Corporate Fundamentalist

Steven Wishnia Jul 21, 2005

judgeFor the last 15 years, Democrats have argued that people should vote for them because a Republican president would put disastrous judges on the Supreme Court. With President Bush’s nomination of John G. Roberts to replace retiring Justice Sandra Day O’Connor, the moment of truth for both the high court and the Democratic Party has arrived.

Roberts, 50, who has been a judge on the federal DC Circuit Court of Appeals since 2003, is an experienced litigator with a long history of right-wing positions on issues from abortion to labor, media ownership to mining. In 2003, the liberal Alliance for Justice said he had a “record of hostility to the rights of women and minorities.”

In a televised address July 19, Bush praised Roberts as “one of the finest legal minds in the country” who has “devoted his entire professional life to the cause of justice.”

The battle over confirming Roberts could be the biggest since the appointment of Clarence Thomas in 1991 – or it could be a fizzle like the recent filibuster imbroglio in the Senate, in which the Democrats acceded to the nomination of three judges from the depths of the judicial right wing.

At stake are attempts by the far right, despite its denunciations of “judicial activism,” to push forward a radical revamping of American jurisprudence.  They want to pack the benches with judges who combine a Talibanoid Christian social agenda with a relentless sanctification of property rights. In this philosophy, environmental regulations are deemed unconstitutional “takings” of property rights, but laws against oral sex are not an unconstitutional intrusion on privacy rights. Judge Janice Rogers Brown, confirmed to the D.C.  Circuit Court of Appeals in the filibuster compromise, has said that rent control is as odious as slavery, and complained that a “socialist revolution” took over the federal courts in 1937. Before that “revolution,” the Supreme Court routinely struck down laws protecting workers, including bans on child labor.

Another crucial area is civil liberties, especially with the Bush administration’s invention of “enemy combatants” as a category of detainees who are neither prisoners of war nor common criminals – and thus have no rights. Ironically, Attorney General Alberto Gonzales, who helped craft the Justice Department’s excuses for why torture was legal, was portrayed as a “moderate” when his name was floated as a possible Court nominee. The Christian right objected that he was insufficiently anti-abortion.

That won’t be a problem for John Roberts. As deputy solicitor general under President George Bush Sr., he wrote a brief supporting the “gag rule” banning familyplanning groups receiving federal funds from discussing abortion with clients. “We continue to believe that Roe v. Wade was wrongly decided and should be overruled,” he argued, adding that there is no fundamental right to abortion anywhere in “the text, structure or history of the Constitution.”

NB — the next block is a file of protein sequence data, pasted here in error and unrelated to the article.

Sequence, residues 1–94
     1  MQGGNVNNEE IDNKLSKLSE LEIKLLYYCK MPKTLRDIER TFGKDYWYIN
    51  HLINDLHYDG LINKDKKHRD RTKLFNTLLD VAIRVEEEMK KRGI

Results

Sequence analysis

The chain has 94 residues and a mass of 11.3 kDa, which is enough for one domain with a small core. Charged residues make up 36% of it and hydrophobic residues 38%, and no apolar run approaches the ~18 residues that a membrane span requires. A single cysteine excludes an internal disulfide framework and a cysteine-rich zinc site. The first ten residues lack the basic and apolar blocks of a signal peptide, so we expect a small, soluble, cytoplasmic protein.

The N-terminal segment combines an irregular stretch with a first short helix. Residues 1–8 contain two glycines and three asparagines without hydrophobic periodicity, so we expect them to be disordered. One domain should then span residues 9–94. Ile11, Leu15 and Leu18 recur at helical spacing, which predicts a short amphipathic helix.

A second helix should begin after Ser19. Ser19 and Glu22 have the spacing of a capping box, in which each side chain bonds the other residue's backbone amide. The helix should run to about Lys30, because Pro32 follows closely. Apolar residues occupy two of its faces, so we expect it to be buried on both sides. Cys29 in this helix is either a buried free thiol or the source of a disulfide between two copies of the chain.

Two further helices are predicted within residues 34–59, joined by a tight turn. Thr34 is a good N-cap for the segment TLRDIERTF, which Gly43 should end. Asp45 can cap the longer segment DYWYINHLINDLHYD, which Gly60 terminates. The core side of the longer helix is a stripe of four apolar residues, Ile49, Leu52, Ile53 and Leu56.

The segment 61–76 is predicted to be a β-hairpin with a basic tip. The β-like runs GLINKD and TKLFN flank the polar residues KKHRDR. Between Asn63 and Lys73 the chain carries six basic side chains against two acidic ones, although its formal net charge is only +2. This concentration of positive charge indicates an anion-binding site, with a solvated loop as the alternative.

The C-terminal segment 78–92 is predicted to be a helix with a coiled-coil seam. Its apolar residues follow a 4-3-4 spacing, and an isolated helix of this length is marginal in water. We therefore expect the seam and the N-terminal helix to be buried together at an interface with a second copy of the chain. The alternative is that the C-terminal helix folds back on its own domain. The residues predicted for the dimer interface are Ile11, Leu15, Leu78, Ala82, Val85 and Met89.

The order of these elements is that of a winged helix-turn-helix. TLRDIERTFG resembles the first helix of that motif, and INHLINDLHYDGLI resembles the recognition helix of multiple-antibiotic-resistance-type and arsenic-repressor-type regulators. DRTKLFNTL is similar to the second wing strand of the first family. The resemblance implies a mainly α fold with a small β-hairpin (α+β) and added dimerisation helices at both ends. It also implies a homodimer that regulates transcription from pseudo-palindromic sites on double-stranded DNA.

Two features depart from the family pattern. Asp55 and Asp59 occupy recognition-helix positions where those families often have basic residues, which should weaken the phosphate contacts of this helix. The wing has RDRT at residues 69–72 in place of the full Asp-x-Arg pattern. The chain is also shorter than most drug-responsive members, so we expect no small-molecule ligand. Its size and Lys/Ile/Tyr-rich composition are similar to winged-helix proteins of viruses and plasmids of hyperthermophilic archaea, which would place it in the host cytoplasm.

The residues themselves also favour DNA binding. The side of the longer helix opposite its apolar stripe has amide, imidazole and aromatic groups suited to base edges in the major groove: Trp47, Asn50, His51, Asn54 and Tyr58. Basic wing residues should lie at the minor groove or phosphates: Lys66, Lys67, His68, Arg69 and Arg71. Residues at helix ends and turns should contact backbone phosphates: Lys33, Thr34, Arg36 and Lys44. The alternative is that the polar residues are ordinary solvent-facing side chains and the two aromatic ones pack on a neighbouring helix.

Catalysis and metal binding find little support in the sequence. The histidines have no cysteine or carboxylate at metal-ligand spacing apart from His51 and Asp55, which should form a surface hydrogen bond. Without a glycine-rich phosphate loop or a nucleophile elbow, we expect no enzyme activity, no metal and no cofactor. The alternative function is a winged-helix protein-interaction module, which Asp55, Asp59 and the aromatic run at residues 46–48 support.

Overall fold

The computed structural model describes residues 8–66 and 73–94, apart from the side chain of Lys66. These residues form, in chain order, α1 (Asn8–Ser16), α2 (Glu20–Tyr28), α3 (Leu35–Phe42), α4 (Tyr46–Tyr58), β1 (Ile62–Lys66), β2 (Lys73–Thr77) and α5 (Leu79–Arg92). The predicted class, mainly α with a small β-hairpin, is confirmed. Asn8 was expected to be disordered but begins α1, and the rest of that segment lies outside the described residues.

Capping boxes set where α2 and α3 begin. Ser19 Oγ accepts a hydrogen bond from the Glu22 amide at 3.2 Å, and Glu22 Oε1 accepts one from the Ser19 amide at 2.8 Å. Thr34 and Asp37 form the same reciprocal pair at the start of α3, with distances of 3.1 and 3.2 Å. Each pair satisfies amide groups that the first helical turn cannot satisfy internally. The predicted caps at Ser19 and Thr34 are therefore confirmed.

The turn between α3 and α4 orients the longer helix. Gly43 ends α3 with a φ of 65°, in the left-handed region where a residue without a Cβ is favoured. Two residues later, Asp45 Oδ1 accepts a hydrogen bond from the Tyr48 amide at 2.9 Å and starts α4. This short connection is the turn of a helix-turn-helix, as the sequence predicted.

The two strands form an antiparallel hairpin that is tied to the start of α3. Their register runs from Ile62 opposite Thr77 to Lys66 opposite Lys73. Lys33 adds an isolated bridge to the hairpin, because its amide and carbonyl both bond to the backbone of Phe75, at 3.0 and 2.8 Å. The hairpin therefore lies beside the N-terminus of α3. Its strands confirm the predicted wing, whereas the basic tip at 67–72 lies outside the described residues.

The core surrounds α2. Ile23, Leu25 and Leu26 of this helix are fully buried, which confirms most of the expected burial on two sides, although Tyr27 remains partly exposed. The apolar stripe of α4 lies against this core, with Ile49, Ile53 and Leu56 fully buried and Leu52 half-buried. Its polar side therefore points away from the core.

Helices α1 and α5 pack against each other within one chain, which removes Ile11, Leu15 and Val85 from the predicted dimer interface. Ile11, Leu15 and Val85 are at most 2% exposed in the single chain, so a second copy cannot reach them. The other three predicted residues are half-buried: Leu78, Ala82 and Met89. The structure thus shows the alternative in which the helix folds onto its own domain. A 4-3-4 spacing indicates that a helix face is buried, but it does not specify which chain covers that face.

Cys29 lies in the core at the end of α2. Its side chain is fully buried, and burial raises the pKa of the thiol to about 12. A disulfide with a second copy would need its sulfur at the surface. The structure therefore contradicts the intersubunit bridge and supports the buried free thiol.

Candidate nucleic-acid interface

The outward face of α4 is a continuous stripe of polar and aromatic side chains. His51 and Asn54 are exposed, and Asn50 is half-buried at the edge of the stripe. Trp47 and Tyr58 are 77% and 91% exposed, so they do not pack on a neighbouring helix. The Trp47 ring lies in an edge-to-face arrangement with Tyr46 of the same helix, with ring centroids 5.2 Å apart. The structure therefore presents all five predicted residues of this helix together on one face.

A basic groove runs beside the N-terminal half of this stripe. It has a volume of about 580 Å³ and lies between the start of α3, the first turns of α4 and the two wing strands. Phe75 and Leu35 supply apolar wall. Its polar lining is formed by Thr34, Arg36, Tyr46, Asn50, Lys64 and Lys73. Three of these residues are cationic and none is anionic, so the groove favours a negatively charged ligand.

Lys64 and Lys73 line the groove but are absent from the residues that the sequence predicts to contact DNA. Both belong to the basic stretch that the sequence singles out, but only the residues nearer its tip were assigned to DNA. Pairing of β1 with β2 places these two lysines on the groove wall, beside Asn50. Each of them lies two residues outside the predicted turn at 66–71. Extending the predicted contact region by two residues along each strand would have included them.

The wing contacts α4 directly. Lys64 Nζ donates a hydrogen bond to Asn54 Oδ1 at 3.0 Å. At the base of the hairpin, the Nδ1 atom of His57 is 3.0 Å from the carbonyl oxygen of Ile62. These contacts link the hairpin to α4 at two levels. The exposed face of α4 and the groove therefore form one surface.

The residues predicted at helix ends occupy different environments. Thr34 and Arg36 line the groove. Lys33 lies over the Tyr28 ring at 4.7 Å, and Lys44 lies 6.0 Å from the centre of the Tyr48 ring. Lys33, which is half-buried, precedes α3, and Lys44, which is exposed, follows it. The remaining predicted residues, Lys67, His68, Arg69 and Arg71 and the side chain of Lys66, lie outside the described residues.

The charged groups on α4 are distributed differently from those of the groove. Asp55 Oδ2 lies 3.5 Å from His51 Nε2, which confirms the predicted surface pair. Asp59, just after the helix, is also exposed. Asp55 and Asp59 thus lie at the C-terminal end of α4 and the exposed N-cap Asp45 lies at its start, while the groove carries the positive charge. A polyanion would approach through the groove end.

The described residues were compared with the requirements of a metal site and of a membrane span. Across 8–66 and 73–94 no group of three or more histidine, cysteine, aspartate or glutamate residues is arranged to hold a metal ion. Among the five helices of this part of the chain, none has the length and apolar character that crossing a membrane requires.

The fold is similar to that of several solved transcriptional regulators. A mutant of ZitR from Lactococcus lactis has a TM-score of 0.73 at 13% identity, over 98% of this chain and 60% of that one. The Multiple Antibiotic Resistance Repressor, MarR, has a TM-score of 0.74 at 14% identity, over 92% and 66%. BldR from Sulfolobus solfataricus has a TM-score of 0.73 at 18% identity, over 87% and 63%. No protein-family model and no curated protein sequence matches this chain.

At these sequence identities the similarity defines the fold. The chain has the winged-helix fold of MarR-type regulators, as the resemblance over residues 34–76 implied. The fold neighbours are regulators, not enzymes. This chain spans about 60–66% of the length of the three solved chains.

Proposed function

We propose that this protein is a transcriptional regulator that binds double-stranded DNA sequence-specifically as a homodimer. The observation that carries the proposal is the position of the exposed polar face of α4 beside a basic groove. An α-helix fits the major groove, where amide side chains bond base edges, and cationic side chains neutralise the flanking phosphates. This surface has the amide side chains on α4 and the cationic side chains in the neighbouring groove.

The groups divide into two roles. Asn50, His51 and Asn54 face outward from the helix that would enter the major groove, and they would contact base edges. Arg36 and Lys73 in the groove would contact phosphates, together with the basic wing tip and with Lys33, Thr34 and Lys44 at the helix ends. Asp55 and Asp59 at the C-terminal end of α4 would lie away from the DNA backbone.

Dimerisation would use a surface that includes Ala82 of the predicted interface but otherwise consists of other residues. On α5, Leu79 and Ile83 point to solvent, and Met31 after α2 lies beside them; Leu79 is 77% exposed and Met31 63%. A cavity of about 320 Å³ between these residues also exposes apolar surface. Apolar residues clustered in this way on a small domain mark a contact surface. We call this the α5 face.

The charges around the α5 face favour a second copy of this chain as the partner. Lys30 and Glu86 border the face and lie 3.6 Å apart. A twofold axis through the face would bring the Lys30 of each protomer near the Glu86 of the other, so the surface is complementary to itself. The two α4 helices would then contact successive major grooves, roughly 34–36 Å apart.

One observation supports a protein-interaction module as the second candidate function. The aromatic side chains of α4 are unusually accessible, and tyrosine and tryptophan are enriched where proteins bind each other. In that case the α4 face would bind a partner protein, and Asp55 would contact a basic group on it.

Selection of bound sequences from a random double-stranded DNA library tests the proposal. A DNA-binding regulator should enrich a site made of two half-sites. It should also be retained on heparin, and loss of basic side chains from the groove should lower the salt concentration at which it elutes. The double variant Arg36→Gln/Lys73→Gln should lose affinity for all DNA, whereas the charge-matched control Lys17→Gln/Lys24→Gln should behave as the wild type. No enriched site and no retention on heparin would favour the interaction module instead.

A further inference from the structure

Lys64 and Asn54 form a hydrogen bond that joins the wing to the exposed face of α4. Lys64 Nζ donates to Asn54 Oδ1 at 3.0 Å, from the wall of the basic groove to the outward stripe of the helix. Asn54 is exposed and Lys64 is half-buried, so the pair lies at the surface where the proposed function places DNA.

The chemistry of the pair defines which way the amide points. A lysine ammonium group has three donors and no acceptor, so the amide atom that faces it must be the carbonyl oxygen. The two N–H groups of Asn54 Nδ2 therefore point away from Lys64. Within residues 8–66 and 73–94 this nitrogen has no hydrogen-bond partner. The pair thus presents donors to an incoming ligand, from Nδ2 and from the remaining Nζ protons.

In another case, Roberts contended that harassing patients at abortion clinics might be discrimination against pregnant people, but it wasn’t discrimination against women.  In another Supreme Court case, Roberts argued that the federal law banning flag-burning did not violate the First Amendment.

In private practice from 1993 to 2003, Roberts litigated several prominent corporate-rights cases. In 2002, he represented Toyota in a case where the Supreme Court ruled that a Kentucky assembly-line worker fired after she got carpal-tunnel syndrome was not covered by the Americans with Disabilities Act. He also represented Fox Television in its successful challenge to federal limits on media ownership, and wrote an amicus brief supporting the West Virginia Coal Association when it got the federal ban on mountaintop-removal mining overturned.

If the Democrats mount any challenge to Roberts’ confirmation, they are likely to denounce him as an “extremist” and “out of the mainstream.” The Republicans will call the Democrats “far-left obstructionists.” The Democrats will probably not stress specific cases or issues, and the corporate media will almost certainly ignore those details to concentrate on the political conflict.

After Justice O’Connor announced her retirement July 1, numerous Democrats urged Bush to appoint a successor as “moderate” and “thoughtful” as she was. Her career, party chair Howard Dean said, “was marked by a commitment to placing the law ahead of partisanship and ideology.” Justice O’Connor may have been moderate compared with Chief Justice William Rehnquist, Clarence Thomas, or Antonin Scalia, but she was on the wrong side in some of the Court’s most screamingly unjust decisions of the last two decades. In 1986’s Bowers v. Hardwick, she voted to uphold a Georgia law that made it illegal for an adult man to give a blowjob in his own bedroom.  (When the Court reversed that decision in 2003, she agreed that the Texas law in question discriminated against gays, but would not hold that all sodomy laws were unconstitutional.) In 1993’s Herrera v. Collins, she concurred that it wouldn’t be unconstitutional to execute a man who claimed to have new evidence proving his innocence, as long as his original trial had been procedurally correct.

In December 2000, she voted to halt Florida’s recount of its presidential vote, on the grounds that continuing it would cause “irreparable harm” to George W. Bush.  (His lead had shrunk to 154 votes.) Three days later, in Bush v. Gore, she voted to prohibit the Florida recount, thus selecting Bush as president. The Court’s rationale was that counting ballots that had not been properly recorded by voting machines would violate voters’ right to equal protection, because different counties would probably use different methods

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